Even though Colorado law allows charitable nonprofits to be exempt from state-collected sales taxes on items they buy, nonprofits must collect these sales taxes on most goods and services they sell.
Nonprofit leaders must devote resources to maintaining sales tax licenses, collecting sales taxes for state-collected and home rule jurisdictions, and complying with reporting requirements. For small nonprofits run by volunteers or a few staff, complying with these requirements can take time away from providing services or generating more revenues for growth.
Since 1995, Colorado law has also exempted nonprofits from collecting taxes on occasional sales to help nonprofits manage this responsibility. Occasional sales are defined as follows:
- funds raised through these sales are used in the course of the organization's charitable service
- funds raised through these net sales do not exceed $25,000 during any one calendar year; and
- sales take place for no more than 12 days, whether consecutive or not, during any calendar year.
If nonprofits exceed either the $25,000 or the 12 day threshold, then they are required to obtain a Colorado sales tax license and collect and remit these taxes to the state. Nonprofits are required to collect taxes and report for the entire year if they exceed either threshold.
Typically, donations are not considered sales. However, the fair market value of any benefits received by the donor in return for a donation are usually taxable and can't be deducted on federal taxes.
Issues with the exemption
Because the exemption has not been updated since 1995, the value of this policy has eroded over time. $25,000 in 1995 dollars has the same purchasing power as $15,000 in 2018. As a result, fewer nonprofits are exempted even if they are small or have limited fundraising activity. Additionally, the 12 day requirement has not been changed even though many nonprofits conduct sales throughout the year on the internet.
About the bill
HB 19-1323 modernizes the exemption by:
- Adjusting the exemption amount to $45,000 of net proceeds from sales;
- Eliminating the 12-day limit on occasional sales;
- Clarifying that otherwise taxable commodities and services are covered by the exemption in addition to personal property;
- Clarifying that sales taxes are due on or after the date the exemption amount is exceeded.
Eliminating this requirement also simplifies how nonprofits track their revenues from sales and determine if they exceed the revenue threshold and must obtain a Colorado sales tax license.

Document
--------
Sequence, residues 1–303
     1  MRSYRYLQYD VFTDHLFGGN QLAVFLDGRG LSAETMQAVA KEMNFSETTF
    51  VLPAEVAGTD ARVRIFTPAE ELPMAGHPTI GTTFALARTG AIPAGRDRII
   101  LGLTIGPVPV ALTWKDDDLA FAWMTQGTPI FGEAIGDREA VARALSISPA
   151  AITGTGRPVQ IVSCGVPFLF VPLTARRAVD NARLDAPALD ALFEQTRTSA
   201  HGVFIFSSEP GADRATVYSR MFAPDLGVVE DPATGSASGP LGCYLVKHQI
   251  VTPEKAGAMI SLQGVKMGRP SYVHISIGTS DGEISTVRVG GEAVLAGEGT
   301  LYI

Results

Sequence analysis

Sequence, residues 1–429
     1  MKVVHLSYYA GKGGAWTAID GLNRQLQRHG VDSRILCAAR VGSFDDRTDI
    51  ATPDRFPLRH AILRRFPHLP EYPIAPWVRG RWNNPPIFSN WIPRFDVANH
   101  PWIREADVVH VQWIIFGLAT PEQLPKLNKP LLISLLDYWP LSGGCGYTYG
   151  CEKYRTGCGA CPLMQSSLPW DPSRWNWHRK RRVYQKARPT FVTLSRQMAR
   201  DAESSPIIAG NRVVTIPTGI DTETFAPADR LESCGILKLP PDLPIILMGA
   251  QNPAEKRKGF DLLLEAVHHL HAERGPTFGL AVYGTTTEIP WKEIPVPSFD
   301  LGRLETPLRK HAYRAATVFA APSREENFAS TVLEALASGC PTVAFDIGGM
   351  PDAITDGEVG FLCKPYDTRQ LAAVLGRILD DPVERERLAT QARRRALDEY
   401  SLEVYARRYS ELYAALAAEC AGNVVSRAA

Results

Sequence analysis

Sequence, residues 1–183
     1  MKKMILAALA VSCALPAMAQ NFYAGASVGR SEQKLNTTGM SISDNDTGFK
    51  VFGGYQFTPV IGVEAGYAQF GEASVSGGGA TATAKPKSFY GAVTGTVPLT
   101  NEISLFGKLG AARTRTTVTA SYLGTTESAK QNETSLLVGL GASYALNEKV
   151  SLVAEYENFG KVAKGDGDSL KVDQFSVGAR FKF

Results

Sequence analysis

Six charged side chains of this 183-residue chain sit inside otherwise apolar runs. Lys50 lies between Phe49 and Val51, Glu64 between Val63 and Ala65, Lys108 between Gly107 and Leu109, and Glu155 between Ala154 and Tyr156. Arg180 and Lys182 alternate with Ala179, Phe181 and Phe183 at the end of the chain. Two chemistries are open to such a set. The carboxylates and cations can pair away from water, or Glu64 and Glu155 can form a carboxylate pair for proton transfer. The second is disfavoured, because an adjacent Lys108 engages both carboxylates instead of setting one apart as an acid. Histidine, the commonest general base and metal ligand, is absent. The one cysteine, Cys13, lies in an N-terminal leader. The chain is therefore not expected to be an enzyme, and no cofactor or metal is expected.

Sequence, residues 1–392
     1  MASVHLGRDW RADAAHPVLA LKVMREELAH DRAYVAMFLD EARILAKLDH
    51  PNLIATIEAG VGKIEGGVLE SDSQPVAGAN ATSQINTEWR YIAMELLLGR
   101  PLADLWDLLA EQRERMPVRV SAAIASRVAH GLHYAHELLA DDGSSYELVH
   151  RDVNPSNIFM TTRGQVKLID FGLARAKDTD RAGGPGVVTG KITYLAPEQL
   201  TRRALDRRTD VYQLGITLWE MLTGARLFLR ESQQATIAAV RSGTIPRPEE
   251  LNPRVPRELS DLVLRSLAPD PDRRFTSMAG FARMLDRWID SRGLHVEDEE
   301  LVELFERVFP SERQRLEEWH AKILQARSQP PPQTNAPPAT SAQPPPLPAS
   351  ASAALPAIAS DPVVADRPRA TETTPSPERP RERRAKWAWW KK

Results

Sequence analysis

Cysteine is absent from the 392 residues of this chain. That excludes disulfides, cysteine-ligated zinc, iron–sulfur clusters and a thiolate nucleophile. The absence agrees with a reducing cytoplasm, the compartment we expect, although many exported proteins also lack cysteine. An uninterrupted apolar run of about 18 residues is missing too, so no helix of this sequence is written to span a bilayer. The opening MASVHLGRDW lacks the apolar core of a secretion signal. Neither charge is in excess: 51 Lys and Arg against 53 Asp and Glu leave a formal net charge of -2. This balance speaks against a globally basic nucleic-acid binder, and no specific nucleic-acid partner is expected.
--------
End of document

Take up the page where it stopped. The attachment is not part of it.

[@ Rep's Twitter handle], Vote yes on #HB1323 to adjust #nonprofits' occasional sales exemption for inflation & apply it to many online sales. Modernizing the exemption devotes more charitable funds to communities rather than taxes. #coleg
How you can help
Ask your Representative to vote YES on HB 19-1323 to modernize the occasional sales exemption!
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Rep. [last name], I ask you to vote Yes on HB 19-1323 to modernize the tax exemption for occasional sales by nonprofit organizations.
Since 1995, nonprofits that hold sales for more than 12 days per year, or raise more than $25,000, are required to obtain a Colorado sales tax license. Because the exemption has not been adjusted for inflation, the purchasing power of $25,000 in 1995 is equal to $15,000 today. Also, regardless of how much is sold, the exemption would not apply to many online sales because they occur for more than 12 days.
[If possible, give an example of items sold by your nonprofit and how this would exemption would apply to your organization's tax reporting].
1323 adjusts the exemption amount to $45,000 to account for inflation and eliminates the 12 day rule. By modernizing the occasional sales exemption, nonprofits like mine can devote more of the funds we raise to serving our communities. Please vote yes!
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